Media studies The Queens College building is small and dark, with low ceilings and narrow corridors. It was built more than a century ago as a residential school for unregenerate boys, and a certain state of neglect remains. When I visit on a January weekday to see Douglas Rushkoff, who teaches here, he leads me over a stack of fallen ceiling tiles to his office in the back corner of the first floor. The room’s Wi-Fi is spotty, so he uses an Ethernet adapter to plug his laptop into the wall. The only evidence that we haven’t traveled back to the ’90s is that when it’s time for class, no students show up. Instead, Rushkoff opened his laptop and brought up a grid of faceless black boxes.
This is the first meeting of the course on “Digital Economics: Crypto, NFTs and the Blockchain.” Rushkoff is a good sport about teaching on Zoom, although it’s a shame in his class that most undergraduates don’t fully appreciate the 62-year-old media-studies professor’s looks—which he absolutely nails: black V-neck, cropped gray hair. He launched into a passionate half-hour lecture in which he urged his students, only three of whom had their cameras, to look at the social construction of money—he took out a dollar bill and waved it. -hand it in front of the laptop screen, saying, “This is not money. It’s a piece of paper that we use to represent money”—and to explore what he calls the “big question” of his life’s work: how power travels across media landscapes.
Outside of this classroom at Queens College, Rushkoff is a widely cited Internet theorist, known for his extensive and influential writings on culture and economics. He gets the occasional student who recognizes his work—“He’s a popular author,” one wrote on Rate My Professor, “just do a Google search”—but most of them are busy people who log into class from their phones, more interested in fulfilling their degree requirements than the dense collage of Rushkoff’s book covers taped to the wall behind his desk.
That his class may not be his students’ first priority doesn’t bother Rushkoff much. He made a point of landing at the City University of New York in Queens after an appointment at the more expensive, prestige-mongering, private New York University. In one part of his lecture, he explained the path his intellectual life had taken:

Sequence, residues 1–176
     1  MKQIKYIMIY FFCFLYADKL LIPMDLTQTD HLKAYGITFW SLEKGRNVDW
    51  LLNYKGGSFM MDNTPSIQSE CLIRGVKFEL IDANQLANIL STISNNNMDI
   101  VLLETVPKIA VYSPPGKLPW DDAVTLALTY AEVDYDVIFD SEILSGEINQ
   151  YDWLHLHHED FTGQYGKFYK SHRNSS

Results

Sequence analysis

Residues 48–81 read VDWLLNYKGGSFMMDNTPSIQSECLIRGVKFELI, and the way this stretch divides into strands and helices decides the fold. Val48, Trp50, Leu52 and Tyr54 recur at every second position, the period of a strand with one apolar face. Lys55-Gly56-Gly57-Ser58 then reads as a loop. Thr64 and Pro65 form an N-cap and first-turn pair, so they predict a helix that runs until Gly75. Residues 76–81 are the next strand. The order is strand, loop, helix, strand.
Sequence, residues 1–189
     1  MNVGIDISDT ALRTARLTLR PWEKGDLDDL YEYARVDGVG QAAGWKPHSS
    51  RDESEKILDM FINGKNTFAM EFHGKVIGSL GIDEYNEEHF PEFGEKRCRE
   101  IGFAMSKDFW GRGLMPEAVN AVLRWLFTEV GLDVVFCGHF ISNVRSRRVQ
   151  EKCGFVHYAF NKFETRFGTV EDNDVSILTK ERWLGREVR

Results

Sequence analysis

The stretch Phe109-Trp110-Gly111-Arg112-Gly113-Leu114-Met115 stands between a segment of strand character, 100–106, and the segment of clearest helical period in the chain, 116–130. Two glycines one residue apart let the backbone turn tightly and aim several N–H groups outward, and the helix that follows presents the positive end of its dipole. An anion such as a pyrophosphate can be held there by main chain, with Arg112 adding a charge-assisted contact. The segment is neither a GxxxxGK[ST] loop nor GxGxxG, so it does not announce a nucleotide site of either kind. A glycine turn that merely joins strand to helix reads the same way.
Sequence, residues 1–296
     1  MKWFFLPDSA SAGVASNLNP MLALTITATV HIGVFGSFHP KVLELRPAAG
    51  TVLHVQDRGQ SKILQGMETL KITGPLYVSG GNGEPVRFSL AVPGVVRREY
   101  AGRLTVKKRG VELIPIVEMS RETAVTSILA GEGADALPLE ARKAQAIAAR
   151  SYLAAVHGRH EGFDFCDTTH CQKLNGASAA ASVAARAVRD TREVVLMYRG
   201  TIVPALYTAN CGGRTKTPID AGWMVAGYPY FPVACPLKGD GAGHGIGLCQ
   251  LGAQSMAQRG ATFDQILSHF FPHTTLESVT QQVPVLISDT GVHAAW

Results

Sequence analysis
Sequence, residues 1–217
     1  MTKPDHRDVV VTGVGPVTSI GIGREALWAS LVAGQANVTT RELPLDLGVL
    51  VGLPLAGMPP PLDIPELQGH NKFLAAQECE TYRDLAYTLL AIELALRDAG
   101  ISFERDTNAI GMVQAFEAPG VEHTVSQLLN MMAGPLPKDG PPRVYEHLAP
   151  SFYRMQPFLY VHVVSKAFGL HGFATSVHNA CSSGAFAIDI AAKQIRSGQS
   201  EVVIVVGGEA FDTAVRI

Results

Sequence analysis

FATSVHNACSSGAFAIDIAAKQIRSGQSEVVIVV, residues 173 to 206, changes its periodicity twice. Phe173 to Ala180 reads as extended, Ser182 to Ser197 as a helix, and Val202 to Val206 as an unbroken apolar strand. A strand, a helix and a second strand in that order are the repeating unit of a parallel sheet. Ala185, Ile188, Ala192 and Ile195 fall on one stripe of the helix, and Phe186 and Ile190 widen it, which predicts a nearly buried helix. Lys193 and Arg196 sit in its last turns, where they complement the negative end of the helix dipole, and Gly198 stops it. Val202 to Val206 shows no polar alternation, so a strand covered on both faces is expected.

“I was very excited in the ’90s about the possibilities for a new type of peer-to-peer economy. What we’re going to build will be like a TOR network in the economy, the big Napsterization of the economy in a digital environment,” he told his students. But recently, he continued, he turned his attention to something else that this new digital economy has done: “It creates a bunch of billionaires and lots of poor, unhappy people.”
This kind of rhetoric is part of a new, decisive shift in direction for Rushkoff. Over the past 30 years, with more than a dozen non-fiction books, countless articles, and various media projects about the state of society in the internet age, Rushkoff has always walked a tightrope. that tightrope between optimism and skepticism. He was one of the original enthusiasts for the prosocial potential of technology, charting a path through the digital landscape for those who shared his rebellious, anti-government spirit. As Silicon Valley shed its cyberpunk soul and became an incubator of corporate greed, he continued to promote his ideals from within. Until now. Last fall, with the publication of his latest book, Survival of the Super Rich: Escaping the Fantasies of Tech Billionaires, Rushkoff has all but officially renounced his membership in the guild of spokespeople for the digital revolution. So what happened?
It is, generally speaking, a difficult time to keep a straight face as a die-hard proponent of decentralization. A couple of months before I came to see Rushkoff, the cryptocurrency exchange FTX, run by a cabal of tasteless pyramid schemers blathering platitudes about art and community, collapsed, burning billions dollars in the process. These internet capitalists have proven to be worse guardians of the public interest than the corporate robber barons of yore. (A few weeks after my visit, Silicon Valley Bank failed and nearly dragged the global financial system down with it—a direct result of the Trump administration’s deregulation agenda.)
Faced with such incontrovertible evidence, Rushkoff doesn’t just lie or change the subject as perennial techno-optimists are wont to do. His conversion was deeper. “I’ve seen, many times, digital technologies are very good at exacerbating the problem while also hiding the problem,” he told the black boxes representing his students. “They make things worse while making it look like something has really changed.” Still, as he speaks, I sometimes find Rushkoff reverting to his former persona: the inveterate Gen X techno-optimist, the man who can’t resist the untested promise of the newest tools. Near the end of the class, he starts instructing his students not to use ChatGPT to write their assignments, then stops abruptly, as if unable to continue. “Well, really,” he said, thinking again, “we’ll find out.”